Additional funding for some mental health facilities in Kansas may depend, at least in part, on the number of lottery tickets sold from new machines.

The Kansas House and Senate have approved versions of House Bill 2313, which would direct proceeds from newly legalized lottery ticket vending machines to crisis stabilization centers and mental health clubhouses.

The bill must go to a conference committee, which will work out differences between the House and Senate versions, before it can proceed to Gov. Sam Brownback.

HB 2313 would allow a maximum of $4 million to go to mental health facilities in the fiscal year beginning in July and a maximum of $8 million in the following years. The actual funds could be lower, however, if businesses are slow to install lottery ticket machines or players don’t use them.

Crisis centers would receive 75% of the lottery ticket machine proceeds, though the bill doesn’t specify how to divide the money among the three centers, which are in Kansas City, Wichita and Topeka. They treat patients in mental health or substance abuse crisis for up to three days, with the goal of diverting them from the state hospitals.

Marilyn Cook, executive director of COMCARE, which runs the crisis center in Wichita, said the center needs about $1 million to sustain itself financially because of the high number of uninsured patients it treats. She said she hopes the lottery money and additional funding from the Kansas Department for Aging and Disability Services will fill that gap.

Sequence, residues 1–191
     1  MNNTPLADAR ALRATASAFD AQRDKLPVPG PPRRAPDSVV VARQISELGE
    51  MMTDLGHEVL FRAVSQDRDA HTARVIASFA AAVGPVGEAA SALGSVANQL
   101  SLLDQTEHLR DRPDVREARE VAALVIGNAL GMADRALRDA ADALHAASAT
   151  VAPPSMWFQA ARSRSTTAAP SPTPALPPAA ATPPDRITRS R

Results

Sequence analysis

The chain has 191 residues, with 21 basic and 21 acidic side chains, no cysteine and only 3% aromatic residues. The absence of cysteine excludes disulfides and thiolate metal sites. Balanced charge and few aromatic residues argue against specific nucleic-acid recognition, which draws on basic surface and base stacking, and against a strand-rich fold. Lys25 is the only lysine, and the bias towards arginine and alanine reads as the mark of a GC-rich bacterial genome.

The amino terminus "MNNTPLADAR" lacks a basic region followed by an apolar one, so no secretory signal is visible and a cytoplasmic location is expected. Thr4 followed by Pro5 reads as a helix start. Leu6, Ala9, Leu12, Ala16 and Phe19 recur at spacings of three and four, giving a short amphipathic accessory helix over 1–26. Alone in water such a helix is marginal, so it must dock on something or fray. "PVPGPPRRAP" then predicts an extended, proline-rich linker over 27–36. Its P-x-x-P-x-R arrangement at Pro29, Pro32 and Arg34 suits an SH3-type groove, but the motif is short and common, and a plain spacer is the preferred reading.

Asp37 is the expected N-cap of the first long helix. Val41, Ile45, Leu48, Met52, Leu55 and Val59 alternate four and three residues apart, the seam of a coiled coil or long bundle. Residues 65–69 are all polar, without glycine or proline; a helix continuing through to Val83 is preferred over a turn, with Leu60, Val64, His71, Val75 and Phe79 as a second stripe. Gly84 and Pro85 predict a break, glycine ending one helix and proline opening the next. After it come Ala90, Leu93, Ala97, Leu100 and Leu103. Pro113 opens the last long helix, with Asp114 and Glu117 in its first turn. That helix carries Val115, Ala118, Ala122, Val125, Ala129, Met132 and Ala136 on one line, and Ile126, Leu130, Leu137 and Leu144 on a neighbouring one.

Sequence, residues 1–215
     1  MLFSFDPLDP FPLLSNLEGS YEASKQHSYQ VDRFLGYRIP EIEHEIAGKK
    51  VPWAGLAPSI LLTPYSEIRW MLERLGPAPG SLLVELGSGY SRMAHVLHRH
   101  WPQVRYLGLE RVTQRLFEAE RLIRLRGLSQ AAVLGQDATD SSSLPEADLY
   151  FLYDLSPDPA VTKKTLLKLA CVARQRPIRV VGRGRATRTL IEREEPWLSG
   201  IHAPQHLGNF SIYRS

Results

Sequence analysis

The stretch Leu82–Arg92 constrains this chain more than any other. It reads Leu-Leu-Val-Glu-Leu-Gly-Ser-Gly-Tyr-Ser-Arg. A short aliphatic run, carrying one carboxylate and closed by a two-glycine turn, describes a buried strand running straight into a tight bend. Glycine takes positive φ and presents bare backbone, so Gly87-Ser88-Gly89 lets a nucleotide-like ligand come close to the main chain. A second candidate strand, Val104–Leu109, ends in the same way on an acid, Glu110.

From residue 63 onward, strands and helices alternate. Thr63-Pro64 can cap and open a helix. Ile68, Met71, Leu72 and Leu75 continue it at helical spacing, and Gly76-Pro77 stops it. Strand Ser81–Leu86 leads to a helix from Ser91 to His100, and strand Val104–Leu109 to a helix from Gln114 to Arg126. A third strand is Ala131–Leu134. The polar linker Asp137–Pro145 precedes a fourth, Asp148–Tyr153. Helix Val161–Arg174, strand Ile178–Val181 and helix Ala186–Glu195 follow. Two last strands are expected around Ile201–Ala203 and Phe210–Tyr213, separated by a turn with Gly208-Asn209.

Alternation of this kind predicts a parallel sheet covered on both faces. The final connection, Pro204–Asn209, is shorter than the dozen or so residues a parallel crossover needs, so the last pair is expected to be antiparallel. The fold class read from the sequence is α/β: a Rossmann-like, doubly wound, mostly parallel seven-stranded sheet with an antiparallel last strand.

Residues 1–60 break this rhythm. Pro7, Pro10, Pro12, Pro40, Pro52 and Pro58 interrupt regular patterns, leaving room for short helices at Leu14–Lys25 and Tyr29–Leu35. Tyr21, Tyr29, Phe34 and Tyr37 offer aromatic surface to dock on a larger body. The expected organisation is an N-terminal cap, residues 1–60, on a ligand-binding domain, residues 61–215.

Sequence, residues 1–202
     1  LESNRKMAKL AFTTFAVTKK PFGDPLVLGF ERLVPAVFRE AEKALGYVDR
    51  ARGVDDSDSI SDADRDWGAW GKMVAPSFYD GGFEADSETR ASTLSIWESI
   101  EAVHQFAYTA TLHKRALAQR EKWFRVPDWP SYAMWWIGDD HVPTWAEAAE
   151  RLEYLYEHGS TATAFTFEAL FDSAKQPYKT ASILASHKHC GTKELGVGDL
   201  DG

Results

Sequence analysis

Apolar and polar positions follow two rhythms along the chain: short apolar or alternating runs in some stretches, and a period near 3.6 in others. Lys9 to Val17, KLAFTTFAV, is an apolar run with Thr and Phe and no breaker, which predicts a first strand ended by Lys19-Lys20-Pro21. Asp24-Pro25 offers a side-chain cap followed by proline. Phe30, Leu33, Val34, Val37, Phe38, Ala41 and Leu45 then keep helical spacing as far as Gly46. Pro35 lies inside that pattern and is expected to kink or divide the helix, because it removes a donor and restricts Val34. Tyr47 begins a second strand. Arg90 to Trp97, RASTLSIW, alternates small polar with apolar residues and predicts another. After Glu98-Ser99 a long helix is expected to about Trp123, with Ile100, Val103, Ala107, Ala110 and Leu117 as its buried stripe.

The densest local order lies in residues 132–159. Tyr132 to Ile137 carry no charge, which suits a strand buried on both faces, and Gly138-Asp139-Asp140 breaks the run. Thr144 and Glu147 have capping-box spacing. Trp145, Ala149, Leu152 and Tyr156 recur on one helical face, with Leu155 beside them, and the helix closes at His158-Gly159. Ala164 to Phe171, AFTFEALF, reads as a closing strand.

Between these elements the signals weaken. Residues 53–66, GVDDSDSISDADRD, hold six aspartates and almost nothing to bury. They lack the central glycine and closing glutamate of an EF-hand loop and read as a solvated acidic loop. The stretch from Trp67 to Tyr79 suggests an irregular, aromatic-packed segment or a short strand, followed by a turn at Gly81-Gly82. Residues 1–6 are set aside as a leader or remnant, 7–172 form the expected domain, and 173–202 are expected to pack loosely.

“It’s an effort to find some sustainable funding,” she said.

The COMCARE crisis center was able to reduce the number of patients Sedgwick County sends to Osawatomie State Hospital roughly by half, Cook said. Many patients stabilize in less than a day because staff can assist them in a calm environment, she said.

In Topeka Valeo Behavioral Health Care, known as The Residence, and in Kansas City, RSI would benefit from the funds.

More Funding For Clubhouses

The lottery bill would direct 2% of proceeds from the new machines to rehabilitation programs known as “clubhouses” that help people with mental illnesses improve their job and life skills.

The only certified mental health clubhouse in Kansas is Breakthrough Club in Wichita, but Barb Andres, the clubhouse’s executive director, thinks extra funding could encourage other programs to get certified.

If the machines generated enough new money to reach the $4 million cap in the first fiscal year, Breakthrough Club would receive $1 million. That would be enough to serve about 200 more people and perhaps to offer training to other clubhouses, Andres said.

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